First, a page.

The police say that they put him in the cell because he was so aggressive. He was arrested after leaving a discotheque at 7:30 am. He had been there since 2 am. On the street, he asked two women working for the city cleaning department whether he could use their mobile phone to call a friend. They reported him to the police on charges of molestation. He was drunk. At the police station, after they searched him, he was put on a mattress and his hands and feet were shackled down.

Where was the cigarette lighter said to be at this time?
In Jalloh’s trousers’ pocket. That’s the police version. They made a video showing that he could have still reached into his pocket and taken out the lighter and set himself ablaze. But that’s impossible. One hand (the right one) was handcuffed to the wall. The other hand was also handcuffed (to the side of the bed). How, then, could Jalloh reach into his trousers’ pocket to take out the lighter? The handcuff with its chain was too short to allow such an action.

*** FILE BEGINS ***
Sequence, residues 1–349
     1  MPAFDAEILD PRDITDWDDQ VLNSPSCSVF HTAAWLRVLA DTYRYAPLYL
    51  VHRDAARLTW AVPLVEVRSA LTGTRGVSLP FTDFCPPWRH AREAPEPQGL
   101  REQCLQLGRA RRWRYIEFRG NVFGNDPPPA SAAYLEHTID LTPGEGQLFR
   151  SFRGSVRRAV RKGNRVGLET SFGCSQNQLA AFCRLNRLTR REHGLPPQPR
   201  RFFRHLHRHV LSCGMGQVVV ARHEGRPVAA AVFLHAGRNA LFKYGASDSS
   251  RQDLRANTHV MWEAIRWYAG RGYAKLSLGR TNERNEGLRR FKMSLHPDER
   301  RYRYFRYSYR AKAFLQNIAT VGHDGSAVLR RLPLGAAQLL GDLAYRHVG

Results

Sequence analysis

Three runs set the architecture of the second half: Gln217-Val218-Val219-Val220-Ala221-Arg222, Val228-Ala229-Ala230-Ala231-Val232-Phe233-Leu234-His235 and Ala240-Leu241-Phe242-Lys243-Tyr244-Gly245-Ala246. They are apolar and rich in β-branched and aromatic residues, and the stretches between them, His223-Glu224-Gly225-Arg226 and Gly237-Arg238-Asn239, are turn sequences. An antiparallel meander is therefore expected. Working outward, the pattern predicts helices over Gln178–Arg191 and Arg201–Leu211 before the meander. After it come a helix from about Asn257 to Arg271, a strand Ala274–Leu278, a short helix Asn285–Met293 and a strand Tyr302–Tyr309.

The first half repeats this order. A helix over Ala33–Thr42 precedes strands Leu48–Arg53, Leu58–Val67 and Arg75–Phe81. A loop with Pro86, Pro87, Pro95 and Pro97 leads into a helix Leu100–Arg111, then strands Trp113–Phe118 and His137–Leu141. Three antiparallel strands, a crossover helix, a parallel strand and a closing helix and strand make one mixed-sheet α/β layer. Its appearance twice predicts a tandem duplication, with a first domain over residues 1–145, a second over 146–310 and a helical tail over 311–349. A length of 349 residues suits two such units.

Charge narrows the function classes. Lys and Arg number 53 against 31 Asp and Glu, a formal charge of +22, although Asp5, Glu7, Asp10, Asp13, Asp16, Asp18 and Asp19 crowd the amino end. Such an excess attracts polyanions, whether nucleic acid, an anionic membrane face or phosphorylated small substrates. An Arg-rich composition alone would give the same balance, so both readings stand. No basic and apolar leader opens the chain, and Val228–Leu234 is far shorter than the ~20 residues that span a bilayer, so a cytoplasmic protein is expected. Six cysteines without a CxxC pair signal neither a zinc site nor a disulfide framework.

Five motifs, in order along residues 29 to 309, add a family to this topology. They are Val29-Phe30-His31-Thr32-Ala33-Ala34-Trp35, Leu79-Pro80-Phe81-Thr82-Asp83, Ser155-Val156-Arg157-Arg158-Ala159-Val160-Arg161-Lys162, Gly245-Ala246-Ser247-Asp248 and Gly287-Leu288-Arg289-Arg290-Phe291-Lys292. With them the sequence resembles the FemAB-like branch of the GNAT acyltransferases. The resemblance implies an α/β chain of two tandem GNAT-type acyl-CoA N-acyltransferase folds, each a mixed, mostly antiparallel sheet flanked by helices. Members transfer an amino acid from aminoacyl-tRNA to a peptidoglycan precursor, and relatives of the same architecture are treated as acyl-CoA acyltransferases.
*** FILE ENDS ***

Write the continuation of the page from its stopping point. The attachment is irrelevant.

Could the lawyers for the family Jolloh prove this in court?
The right handcuff used to bind him has disappeared. The police threw it away after the fire.

So a crucially important piece of evidence – the right handcuff and the chain - has gone missing. What was it that caused such an intense fire?
MB: It was the foam inside the mattress. That was really inflammable. The entire mattress went up in flames. But the mattress had a fireproof leather cover. How was it possible for a man to strip this away when his hands and feet were bound? They have never explained this. Even in the international delegation that we had, a South African lawyer said he had never heard of a man with bound hands and feet setting himself alight in a police cell on a fireproof mattress.

Did the authorities demonstrate how the foam might have burned?
Yes. They showed how it would burn in seven minutes. This was the time they alleged had passed from the moment the fire broke out to the moment when Oury Jalloh actually died. I have here the pictures that they took of this reconstruction of the fire. You can see here in one picture taken on 22 June last year that within seven minutes, the time between the first fire alarm and moment when the officer opened the door of the cell, only one hand and one arm of the dummy that they used burned. The fire reached only this limited corner. The remainder of the dummy’s body is untouched by fire. But on the day Oury Jalloh died, his entire body was covered in burns. The entire mattress was engulfed in flames. Why doesn’t anyone talk about this?